There is another chiastic pattern running in Luke’s account of the crucifixion. If we focus attention on the people mocking Jesus, we have this pattern:
Jewish rulers (v 35)
Roman soldiers (vv 36-37)
Criminal (v 39)
But when the second criminal addresses Jesus, things begin to reverse and unravel. Someone in each of the three categories that hurled mockery at Jesus now confesses Jesus in some fashion:
Criminal (vv 40-43)
Centurion (v 47)
Jewish ruler ?EJoseph of Arimethea (vv 50-53).
Jesus reception of an outcast into His paradise, His kingdom, begins to undo the opposition. Then the sequence of confession is: Gentile, Jewish crowds, Jewish ruler. Jesus reception of the criminal, and the confession of the Gentile centurion are “provocations to jealousy” of the Jews and their rulers. Moreover, Jesus’ actions on the cross exactly replicate His actions in the whole course of His ministry: He has been receiving outcasts and Gentiles from the beginning, while the Jews have been slow to receive Him. This will continue into the book of Acts.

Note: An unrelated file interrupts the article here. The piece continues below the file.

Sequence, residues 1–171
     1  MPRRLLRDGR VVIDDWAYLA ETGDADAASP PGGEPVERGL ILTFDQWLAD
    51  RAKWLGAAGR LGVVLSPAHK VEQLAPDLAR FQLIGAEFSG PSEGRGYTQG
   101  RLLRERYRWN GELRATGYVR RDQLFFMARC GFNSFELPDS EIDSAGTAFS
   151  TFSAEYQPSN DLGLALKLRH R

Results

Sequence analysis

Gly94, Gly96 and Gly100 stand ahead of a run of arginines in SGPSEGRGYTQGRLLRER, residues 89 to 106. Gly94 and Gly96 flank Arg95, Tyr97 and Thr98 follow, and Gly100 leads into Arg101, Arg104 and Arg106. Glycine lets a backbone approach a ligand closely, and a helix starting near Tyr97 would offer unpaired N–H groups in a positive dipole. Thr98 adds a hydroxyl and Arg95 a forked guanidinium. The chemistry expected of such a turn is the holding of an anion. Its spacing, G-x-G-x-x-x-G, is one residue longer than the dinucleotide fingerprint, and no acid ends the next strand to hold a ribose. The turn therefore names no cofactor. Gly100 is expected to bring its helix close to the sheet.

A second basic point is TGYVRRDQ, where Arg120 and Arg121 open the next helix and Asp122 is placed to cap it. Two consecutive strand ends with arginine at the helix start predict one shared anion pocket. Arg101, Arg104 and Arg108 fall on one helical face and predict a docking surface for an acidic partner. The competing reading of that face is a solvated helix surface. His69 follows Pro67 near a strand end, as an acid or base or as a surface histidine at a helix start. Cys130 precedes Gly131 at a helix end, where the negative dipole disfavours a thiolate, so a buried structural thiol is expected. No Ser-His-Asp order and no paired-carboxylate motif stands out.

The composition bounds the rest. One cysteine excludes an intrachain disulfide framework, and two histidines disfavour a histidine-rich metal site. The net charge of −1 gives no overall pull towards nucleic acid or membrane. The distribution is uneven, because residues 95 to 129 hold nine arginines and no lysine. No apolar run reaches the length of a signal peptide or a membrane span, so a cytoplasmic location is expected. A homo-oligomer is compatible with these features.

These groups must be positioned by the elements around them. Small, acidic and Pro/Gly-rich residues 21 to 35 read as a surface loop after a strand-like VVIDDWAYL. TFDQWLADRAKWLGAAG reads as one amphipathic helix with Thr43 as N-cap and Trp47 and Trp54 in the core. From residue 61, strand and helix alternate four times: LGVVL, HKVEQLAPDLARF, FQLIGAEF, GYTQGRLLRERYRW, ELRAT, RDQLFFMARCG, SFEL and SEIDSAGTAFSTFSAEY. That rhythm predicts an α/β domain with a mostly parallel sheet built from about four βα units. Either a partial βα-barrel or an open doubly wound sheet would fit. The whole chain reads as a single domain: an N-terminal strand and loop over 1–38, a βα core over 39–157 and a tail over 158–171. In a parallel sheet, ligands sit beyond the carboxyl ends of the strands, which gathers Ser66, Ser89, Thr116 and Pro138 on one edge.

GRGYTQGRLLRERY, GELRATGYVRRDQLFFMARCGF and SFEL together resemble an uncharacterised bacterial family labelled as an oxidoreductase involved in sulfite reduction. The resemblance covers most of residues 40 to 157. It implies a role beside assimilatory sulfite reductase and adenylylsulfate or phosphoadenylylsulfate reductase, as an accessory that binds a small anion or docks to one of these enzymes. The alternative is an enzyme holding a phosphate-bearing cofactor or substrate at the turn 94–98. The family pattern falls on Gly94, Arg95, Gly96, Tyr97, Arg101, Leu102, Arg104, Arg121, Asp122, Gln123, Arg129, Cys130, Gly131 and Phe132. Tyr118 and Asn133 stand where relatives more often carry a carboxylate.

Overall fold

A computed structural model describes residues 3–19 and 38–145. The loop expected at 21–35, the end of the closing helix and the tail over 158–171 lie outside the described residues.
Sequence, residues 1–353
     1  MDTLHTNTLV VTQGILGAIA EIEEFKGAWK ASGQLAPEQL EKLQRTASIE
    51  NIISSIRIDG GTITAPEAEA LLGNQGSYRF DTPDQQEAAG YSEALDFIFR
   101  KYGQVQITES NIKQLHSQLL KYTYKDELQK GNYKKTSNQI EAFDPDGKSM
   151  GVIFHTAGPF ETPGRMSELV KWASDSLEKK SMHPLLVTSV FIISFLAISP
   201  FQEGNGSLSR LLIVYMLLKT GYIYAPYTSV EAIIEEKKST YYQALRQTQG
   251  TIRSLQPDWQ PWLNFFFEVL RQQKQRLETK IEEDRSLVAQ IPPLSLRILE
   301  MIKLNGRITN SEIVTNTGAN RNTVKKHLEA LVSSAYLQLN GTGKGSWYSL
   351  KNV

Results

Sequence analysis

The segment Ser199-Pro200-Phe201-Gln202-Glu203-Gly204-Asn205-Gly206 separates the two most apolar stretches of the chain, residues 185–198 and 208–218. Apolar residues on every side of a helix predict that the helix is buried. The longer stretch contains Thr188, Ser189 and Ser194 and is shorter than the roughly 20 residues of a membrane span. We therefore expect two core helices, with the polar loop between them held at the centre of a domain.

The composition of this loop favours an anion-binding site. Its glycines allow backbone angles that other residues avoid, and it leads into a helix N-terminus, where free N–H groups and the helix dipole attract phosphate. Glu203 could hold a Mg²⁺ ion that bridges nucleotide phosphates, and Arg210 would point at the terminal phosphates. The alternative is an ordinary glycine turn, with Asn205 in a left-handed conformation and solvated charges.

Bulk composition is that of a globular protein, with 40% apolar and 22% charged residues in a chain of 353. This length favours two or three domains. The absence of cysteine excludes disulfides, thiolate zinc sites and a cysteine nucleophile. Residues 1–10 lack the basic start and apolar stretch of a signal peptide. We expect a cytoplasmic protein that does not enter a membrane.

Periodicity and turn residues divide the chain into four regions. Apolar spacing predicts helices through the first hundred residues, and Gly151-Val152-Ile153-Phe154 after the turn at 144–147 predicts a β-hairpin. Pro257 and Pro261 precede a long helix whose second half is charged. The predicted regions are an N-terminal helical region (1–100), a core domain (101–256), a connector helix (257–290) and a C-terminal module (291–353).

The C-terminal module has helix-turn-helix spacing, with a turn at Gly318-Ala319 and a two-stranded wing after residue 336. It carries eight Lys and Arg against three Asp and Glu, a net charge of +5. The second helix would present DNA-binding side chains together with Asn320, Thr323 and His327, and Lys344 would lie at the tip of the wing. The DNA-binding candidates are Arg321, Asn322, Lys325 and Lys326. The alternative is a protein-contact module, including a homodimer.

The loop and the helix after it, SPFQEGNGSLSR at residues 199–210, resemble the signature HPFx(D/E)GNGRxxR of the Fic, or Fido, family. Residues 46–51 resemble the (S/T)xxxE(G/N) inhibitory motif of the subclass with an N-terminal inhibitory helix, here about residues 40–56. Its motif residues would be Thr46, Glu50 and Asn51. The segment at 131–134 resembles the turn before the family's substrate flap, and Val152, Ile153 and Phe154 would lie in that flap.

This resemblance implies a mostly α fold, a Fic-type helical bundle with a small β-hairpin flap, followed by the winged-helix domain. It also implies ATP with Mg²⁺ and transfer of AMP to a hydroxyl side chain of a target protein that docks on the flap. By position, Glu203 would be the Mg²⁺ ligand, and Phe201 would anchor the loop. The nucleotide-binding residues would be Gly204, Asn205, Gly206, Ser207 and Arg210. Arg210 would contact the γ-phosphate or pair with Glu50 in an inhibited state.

Rich Bledsoe, pastor of Tree of Life Presbyterian Church in Boulder, Colorado, would say that the pattern holds for the church as well. What begins to unravel opposition to the gospel is not apologetics, political activism, or good organization. Mockers within and outside the covenant are turned inside out when the church embraces the outcast.